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The Wicked Pavilionby Dawn Powell
Synopses & Reviews
The “Wicked Pavilion” of the title is the Café Julien, where everybody who is anybody goes to recover from failed love affairs and to pursue new ones, to cadge money, to hatch plots, and to puncture one anothers reputation. Dennis Orphen, the writer from Dawn Powells Turn, Magic Wheel, makes an appearance here, as does Andy Callingham, Powells thinly disguised Ernest Hemingway. The climax of this mercilessly funny novel comes with a party which, remarked Gore Vidal, “resembles Prousts last roundup,” and where one of the partygoers observes, “There are some people here who have been dead twenty years.”
"For decades Dawn Powell was always just on the verge of ceasing to be a cult and becoming a major religion." -- Gore Vidal
About the Author
Ten years after Steerforth launched the Dawn Powell revival, her five best-selling novels are being reissued in newly designed Zoland Books editions with Reading Group Guides inside.
Late in life, out of luck and fashion, Henry James predicted a day when all of his neglected novels would kick off their headstones, one after another. As the twentieth century came to an end, the works of Dawn Powell managed the same magnificent task.
When Powell died in 1965, virtually all her books were out of print. Not a single historical survey of American literature mentioned her, even in passing. And so she slept, seemingly destined to be forgotten - or, to put it more exactly, never to be remembered.
How things have changed! Twelve of Powells novels have now been reissued, along with editions of her plays, diaries, letters, and short stories. She has joined the Library of America, admitted to the illustrious company of Ralph Waldo Emerson, Henry Adams, Frederick Douglass, and Edith Wharton. She is taught in college and read with delight on vacation. For the contemporary poet and novelist Lisa Zeidner, writing in The New York Times Book Review, Powell “is wittier than Dorothy Parker, dissects the rich better than F. Scott Fitzgerald, is more plaintive than Willa Cather in her evocation of the heartland, and has a more supple control of satirical voice than Evelyn Waugh.” For his part, Gore Vidal offered a simple reason for Powells sudden popularity: “We are catching up to her.”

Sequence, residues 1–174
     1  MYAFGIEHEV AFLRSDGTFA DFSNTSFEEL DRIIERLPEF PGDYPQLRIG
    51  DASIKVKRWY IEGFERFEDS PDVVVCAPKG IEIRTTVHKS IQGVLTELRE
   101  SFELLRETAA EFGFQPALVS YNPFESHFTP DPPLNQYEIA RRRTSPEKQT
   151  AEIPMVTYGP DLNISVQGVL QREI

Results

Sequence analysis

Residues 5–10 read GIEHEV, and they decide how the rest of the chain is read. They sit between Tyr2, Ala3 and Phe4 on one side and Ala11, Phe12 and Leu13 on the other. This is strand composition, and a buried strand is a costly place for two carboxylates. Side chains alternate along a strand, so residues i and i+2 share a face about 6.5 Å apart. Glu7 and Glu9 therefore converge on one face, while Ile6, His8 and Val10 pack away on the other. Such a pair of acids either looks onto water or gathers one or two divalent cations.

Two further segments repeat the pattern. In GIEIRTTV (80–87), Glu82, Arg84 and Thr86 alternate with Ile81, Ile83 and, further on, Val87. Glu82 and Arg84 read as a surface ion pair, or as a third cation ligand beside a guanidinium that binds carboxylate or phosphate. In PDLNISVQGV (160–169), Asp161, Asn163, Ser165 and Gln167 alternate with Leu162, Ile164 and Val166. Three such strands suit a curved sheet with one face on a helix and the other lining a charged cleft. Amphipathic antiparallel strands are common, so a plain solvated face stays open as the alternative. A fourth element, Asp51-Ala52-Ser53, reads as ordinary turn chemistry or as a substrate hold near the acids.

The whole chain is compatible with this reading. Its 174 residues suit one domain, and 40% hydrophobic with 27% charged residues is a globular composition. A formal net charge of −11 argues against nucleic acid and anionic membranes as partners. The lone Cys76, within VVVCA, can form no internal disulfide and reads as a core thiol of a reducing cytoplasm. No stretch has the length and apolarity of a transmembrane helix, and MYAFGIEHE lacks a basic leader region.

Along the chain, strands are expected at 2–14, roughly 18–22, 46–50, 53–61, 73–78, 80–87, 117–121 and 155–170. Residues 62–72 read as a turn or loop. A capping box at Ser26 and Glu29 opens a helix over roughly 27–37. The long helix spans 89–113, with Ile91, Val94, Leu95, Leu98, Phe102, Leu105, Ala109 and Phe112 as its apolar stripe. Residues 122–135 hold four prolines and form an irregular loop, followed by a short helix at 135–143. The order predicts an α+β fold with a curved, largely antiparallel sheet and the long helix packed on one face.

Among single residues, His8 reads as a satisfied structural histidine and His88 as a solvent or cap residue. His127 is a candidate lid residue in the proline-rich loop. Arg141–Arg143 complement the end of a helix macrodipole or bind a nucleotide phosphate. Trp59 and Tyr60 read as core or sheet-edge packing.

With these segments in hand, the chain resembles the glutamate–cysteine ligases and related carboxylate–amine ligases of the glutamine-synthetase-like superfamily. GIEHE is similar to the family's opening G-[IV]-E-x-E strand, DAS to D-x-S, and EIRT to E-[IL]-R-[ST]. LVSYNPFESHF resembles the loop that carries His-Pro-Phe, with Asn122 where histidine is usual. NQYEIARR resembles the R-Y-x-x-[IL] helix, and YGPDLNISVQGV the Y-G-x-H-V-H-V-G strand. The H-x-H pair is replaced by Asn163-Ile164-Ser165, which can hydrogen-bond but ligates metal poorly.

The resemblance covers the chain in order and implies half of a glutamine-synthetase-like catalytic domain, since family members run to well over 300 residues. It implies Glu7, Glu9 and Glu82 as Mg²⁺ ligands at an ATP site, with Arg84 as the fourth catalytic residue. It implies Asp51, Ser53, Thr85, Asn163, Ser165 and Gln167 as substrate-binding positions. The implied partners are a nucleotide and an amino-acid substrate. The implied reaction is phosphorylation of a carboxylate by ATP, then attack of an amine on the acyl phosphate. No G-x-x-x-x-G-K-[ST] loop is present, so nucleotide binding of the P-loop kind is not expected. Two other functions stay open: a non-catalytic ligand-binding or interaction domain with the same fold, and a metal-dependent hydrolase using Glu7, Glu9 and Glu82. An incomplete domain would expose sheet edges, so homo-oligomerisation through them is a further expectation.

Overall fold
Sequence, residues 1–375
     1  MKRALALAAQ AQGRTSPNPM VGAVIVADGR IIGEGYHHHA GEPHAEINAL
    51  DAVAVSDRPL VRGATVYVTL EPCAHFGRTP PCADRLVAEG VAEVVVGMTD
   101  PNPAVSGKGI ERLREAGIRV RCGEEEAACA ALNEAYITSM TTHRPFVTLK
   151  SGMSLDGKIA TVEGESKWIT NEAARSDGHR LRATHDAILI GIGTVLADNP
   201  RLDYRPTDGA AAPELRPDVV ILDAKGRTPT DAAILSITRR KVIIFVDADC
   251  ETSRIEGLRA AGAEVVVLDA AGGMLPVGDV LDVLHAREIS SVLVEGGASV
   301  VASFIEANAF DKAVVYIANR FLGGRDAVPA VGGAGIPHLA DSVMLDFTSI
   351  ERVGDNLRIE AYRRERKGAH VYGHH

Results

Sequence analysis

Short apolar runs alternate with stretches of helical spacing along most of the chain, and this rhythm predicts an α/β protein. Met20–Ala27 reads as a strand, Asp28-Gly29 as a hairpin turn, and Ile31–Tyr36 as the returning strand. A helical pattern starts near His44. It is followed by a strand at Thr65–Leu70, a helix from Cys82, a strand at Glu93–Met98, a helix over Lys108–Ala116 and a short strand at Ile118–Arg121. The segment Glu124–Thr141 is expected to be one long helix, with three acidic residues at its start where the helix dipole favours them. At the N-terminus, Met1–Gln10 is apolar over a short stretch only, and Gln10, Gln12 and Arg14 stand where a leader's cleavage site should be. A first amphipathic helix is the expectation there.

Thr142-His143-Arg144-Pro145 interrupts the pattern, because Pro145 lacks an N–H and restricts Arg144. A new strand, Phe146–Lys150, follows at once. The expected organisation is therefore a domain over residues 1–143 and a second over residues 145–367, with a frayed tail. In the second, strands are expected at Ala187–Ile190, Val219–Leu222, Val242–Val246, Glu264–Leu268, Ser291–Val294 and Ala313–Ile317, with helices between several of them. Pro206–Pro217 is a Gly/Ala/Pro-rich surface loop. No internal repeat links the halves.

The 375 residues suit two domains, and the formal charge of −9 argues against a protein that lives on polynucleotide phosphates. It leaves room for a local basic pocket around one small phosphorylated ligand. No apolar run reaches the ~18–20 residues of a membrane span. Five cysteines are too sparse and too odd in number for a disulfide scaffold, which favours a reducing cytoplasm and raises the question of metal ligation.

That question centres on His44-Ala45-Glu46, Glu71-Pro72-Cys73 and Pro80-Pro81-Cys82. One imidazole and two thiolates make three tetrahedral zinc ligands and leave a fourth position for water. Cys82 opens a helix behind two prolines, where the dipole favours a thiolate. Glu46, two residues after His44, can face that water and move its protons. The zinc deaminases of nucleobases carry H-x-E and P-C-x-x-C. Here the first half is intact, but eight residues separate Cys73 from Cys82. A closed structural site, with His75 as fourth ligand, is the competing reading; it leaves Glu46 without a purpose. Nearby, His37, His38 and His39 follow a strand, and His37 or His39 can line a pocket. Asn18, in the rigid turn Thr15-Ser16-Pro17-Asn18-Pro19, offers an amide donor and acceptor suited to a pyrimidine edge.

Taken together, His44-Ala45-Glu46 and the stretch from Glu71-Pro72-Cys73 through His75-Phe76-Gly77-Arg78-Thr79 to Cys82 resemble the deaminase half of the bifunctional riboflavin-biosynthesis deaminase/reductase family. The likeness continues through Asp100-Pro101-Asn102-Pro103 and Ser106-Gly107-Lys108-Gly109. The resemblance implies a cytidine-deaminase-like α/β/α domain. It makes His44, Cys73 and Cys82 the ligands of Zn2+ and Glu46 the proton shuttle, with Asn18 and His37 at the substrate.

Tim Page, Powells biographer, from his new foreword to My Home Is Far Away, Dawn Powell was born in Mt. Gilead, Ohio, on November 28, 1896, the second of three daughters. Her father was a traveling salesman, and her mother died a few days after Dawn turned seven. After enduring great cruelty at the hands of her stepmother, Dawn ran away at the age of thirteen and eventually arrived at the home of her maternal aunt, who served hot meals to travelers emerging from the train station across the street. Dawn worked her way through college and made it to New York. There she married a young advertising executive and had one child, a boy who suffered from autism, then an unknown condition.
Powell referred to herself as a “permanent visitor” in her adopted Manhattan and brought to her writing a perspective gained from her upbringing in Middle America. She knew many of the great writers of her time, and Diana Trilling famously said it was Dawn “who really says the funny things for which Dorothy Parker gets credit.” Ernest Hemingway called her his “favorite living writer.” She was one of Americas great novelists, and yet when she died in 1965 she was buried in an unmarked grave in New Yorks Potters Field.
Her books live, and with these newly designed editions, with their reading group guides inside, more people than ever before will be able to hear Dawns distinctive voice.
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